1. Create a new file in your IDE or text editor.
2. Create the shell for your first program by entering:
public class Mileage
public static void main(String args)
// add your declaration and code here
3. Save the file as Mileage.java.
4. Translate the algorithm below into Java. Don’t forget to declare variables before they are used. Each variable must be one word only (no spaces).
Print a line indicating this program will calculate mileage
Print prompt to user asking for miles driven
Read in miles driven
Print prompt to user asking for gallons used
Read in gallons used
Calculate miles per gallon by dividing miles driven by gallons used
Print miles per gallon along with appropriate labels
5. Compile the program and debug, repeating until it compiles successfully.
6. Run the program and test it using the following sets of data and record the results:
Miles driven Gallons used Miles per gallon
Miles per gallon
7. The last set of data caused the computer to divide 100 by 0, which resulted in
what is called a runtime error. Notice that runtime can occur on programs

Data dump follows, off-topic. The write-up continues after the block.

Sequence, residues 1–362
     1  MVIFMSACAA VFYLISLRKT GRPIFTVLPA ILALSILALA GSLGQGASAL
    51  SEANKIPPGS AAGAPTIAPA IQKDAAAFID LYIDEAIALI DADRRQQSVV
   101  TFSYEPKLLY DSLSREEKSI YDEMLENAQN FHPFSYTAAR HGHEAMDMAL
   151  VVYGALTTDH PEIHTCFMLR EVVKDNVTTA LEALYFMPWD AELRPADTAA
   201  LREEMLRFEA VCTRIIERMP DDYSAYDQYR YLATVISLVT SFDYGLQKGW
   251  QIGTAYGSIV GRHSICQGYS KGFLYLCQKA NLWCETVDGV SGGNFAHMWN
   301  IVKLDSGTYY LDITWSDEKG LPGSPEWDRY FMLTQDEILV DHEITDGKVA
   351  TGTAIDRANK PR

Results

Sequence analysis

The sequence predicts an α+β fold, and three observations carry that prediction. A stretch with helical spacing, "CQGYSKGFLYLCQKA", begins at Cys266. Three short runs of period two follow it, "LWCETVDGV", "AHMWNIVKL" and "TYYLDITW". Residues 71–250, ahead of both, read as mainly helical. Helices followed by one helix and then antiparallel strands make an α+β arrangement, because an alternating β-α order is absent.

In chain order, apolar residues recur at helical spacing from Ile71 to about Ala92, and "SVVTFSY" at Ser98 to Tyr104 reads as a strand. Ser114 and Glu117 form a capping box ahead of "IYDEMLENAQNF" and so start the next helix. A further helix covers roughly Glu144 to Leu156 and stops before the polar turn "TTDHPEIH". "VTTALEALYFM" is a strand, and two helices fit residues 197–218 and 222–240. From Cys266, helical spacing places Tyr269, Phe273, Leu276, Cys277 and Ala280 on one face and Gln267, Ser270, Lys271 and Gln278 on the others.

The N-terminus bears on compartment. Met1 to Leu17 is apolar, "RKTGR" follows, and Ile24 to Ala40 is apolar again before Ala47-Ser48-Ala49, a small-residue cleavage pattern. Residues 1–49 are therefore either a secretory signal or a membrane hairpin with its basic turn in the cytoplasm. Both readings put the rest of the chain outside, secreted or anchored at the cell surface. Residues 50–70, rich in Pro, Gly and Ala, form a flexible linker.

which compile and run on many other sets of data. This emphasizes the need to
thoroughly test you program with all possible kinds of data.
Task #6 Documenting a Java Program
1. Compare the code listings of NumericTypes.java with Mileage.java. You will see that NumericTypes.java has lines which have information about what the program is doing. These lines are called comments and are designated by the // at the beginning of the line. Any comment that starts with /** and ends with */ is
considered a documentation comment. These are typically written just before a
class header, giving a brief description of the class. They are also used for documenting methods in the same way.
2. Write a documentation comment at the top of the program which indicates the
purpose of the program, your name, and today’s date.
3. Add comment lines after each variable declaration, indicating what each variable represents.
4. Add comment lines for each section of the program, indicating what is done in